Next morning the stove refuses completely, and is put on one side for later attention. I fill the small sack with most of the food and carry up to the intended camp site, placing the vital load inside a big hollow rock for safety. Clouds gather and by late afternoon there is an hour of hail and extremely heavy thunder. The stove gets cleaned but cannot be used because the bad weather returns. I postpone cooking dinner until the morning but the stove is still reluctant. By noon I move camp, carrying an extra 4 litres of water; a second 10 litre container proved sufficient for base camp use. The food sack is retrieved and I reach my new camp just as the weather starts to deteriorate. By the time a platform has been levelled it is becoming unpleasant but I am soon sheltering in comfort, entertained by impressive thunder. Yet again the conditions do not allow any cooking so I have to rely on my large emergency stock of chocolate-coated marzipan.
My fifth day grants me just one perfect hour. I fill the container with clean water from the slow trickle which emerges below a snow field. The hail is back again by early afternoon, turning to snow which falls so silently one cannot hear it, except for small avalanches from the tent. It looks like a white Christmas in the Atacama, and I am beginning to wonder about being trapped by heavy snow fall. However, this time the thunder is much weaker and seems distant, so maybe this is the turning point. The GPS location of my tent is at 45'6'' S, 45'34'' W, with an altitude of 5670 m which agrees with the altimeter. Unlike previous nights, the wind does not die down, adding to my feelings of uncertainty.
Looking out the next morning is quite a revelation, with clear views across to the giant peaks of Tres Cruces, Ojos del Salado and Incahuasi, and two green lakes in the middle distance. As if inspired by this magical view, the stove makes a sudden noise and increases its strength without any intervention. I set off to check the route, reaching the 6000 m ridge while suffering in the heat. On further inspection I decide to tackle the long scree slope, rather than follow the main ridge over the two south-easterly summits, before crossing the glacier at the top. It seems straightforward to traverse underneath the middle summit and aim for the snow-covered western summit which can just be discerned and is most likely the highest. Before returning, I place some markers across the broad ridge to a natural access point on the far side and record the position in the GPS for emergency navigation. Further snow showers hit the tent in late afternoon but it clears up again in time for a late dinner.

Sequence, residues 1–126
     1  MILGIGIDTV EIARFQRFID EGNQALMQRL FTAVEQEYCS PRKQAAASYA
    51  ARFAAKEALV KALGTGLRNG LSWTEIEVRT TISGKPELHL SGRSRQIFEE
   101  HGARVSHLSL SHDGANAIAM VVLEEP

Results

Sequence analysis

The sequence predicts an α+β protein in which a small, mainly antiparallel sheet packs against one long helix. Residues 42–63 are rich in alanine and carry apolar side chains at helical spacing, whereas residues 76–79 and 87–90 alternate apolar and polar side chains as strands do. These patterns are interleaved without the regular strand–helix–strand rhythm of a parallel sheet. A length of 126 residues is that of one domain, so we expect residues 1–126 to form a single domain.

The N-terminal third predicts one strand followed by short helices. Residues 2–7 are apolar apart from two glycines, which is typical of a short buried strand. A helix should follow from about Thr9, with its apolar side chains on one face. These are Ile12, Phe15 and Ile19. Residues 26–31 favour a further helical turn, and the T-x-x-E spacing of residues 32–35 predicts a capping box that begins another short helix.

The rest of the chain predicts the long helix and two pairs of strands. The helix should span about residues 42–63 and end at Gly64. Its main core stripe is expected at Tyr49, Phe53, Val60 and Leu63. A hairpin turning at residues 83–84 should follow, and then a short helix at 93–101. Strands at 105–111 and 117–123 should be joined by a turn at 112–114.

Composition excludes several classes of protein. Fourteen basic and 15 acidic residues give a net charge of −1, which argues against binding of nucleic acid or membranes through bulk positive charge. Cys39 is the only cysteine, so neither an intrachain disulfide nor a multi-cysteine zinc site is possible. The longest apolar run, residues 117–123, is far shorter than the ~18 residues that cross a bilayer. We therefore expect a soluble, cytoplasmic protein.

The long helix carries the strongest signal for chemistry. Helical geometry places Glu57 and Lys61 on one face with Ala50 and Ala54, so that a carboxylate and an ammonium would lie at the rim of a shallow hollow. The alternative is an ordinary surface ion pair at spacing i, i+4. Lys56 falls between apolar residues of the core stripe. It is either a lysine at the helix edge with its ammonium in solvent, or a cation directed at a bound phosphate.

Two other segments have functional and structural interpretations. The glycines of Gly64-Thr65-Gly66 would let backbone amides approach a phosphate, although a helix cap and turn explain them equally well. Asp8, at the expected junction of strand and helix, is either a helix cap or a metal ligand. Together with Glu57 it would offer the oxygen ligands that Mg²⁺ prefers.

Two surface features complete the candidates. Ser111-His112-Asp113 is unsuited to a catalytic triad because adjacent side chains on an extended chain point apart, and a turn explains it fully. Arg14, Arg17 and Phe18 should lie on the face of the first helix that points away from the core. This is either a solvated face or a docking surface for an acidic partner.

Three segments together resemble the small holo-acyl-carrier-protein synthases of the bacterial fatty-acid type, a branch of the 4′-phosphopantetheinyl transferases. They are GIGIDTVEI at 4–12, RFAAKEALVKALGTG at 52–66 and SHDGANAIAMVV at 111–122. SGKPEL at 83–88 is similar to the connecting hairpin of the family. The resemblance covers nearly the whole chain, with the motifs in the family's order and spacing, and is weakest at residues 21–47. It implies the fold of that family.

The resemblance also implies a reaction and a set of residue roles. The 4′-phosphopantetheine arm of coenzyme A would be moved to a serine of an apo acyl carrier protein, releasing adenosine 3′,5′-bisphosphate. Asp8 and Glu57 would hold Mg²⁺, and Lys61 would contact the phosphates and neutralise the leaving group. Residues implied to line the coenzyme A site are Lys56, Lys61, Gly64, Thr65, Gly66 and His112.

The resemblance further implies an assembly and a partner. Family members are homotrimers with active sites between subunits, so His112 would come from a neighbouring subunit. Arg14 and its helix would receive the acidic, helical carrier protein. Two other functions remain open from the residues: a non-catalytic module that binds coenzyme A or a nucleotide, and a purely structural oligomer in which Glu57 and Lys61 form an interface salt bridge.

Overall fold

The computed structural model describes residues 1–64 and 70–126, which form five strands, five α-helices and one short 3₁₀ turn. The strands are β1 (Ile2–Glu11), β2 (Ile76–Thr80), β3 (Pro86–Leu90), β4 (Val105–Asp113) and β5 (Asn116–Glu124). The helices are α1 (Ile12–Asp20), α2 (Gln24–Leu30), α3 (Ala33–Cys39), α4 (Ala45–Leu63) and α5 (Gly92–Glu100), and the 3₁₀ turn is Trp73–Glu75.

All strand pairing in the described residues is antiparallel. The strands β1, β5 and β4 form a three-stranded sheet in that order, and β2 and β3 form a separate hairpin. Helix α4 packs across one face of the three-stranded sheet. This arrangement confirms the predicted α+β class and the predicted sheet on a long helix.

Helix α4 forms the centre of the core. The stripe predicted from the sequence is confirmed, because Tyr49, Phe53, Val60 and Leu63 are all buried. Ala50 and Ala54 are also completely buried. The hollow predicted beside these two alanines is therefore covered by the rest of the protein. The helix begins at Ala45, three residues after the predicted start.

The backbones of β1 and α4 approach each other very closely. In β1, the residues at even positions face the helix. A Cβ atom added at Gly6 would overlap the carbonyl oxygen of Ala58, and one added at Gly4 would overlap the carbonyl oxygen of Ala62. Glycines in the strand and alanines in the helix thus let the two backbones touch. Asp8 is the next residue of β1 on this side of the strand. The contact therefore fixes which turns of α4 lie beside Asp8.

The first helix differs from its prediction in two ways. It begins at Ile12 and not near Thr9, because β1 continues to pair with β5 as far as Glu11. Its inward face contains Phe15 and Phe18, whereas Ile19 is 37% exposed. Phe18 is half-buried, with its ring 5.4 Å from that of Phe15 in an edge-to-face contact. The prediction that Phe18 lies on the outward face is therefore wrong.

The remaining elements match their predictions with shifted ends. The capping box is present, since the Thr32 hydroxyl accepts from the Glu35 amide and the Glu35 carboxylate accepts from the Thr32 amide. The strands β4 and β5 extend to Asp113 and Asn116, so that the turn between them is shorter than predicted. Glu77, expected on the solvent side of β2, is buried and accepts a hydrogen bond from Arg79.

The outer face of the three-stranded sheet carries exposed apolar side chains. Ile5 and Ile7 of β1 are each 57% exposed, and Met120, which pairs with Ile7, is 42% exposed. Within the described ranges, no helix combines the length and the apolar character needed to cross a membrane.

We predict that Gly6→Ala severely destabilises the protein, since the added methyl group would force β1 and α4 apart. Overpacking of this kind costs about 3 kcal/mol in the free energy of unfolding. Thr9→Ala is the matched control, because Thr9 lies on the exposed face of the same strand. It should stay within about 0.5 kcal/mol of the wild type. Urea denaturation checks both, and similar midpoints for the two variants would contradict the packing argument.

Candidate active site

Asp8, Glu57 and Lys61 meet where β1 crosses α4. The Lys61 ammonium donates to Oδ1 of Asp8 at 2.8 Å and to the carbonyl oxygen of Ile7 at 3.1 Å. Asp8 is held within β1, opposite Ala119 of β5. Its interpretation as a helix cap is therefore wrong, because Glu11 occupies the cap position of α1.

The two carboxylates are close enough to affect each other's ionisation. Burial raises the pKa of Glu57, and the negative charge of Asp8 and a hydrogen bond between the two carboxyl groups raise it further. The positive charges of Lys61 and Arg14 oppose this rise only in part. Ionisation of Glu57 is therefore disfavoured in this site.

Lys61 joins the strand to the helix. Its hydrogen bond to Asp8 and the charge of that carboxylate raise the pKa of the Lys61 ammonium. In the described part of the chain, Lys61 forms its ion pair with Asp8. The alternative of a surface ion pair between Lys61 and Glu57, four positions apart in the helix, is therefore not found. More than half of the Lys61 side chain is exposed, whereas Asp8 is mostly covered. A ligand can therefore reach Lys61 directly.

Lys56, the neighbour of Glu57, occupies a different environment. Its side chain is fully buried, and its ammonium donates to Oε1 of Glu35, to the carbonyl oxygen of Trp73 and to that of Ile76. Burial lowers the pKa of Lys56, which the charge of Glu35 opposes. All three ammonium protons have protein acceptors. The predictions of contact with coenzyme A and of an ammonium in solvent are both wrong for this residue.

For Christmas Day I had planned a small excursion, since the weather might still be unreliable. I set off at 10 in a south-easterly direction, aiming for another ridge which is reached three hours later. At this place (6300 m) there is a good view across to a summit not visible from camp. I estimate another three hours to the top by an easy route and decide to risk the weather. Traversing towards a short glacier tongue, I cross a steep snow field to save time. The deterioration in the conditions on such a short distance takes me by surprise and I have to make a desperate effort of step- kicking, supported by the ice axe, in order to avoid falling. The glacier crossing itself is level; I then follow an obvious feature which leads diagonally towards the summit, with plenty of rocks for firm foot-holds. I reach the top ahead of schedule and spend some time measuring the altitude and position in freezing conditions. The most likely candidate for the neighbouring giant Bonete is identified and photographed. There is no evidence of previous visits to this outlying peak (46'39'' S, 45'10'' W) and the GPS value of 6466 m with error 45 m (6360 m by altimeter) makes the effort worth while; at least I have made one significant summit. The return is shortened by skirting the ridge, following the glacier. On arriving back in camp I find the tent has been compressed several feet by a sharp gust of wind; it has no anchor for guy lines at the ends. It it is impossible to cook anything for Christmas dinner so I celebrate by opening my present, a yuletide chocolate log filled with rum.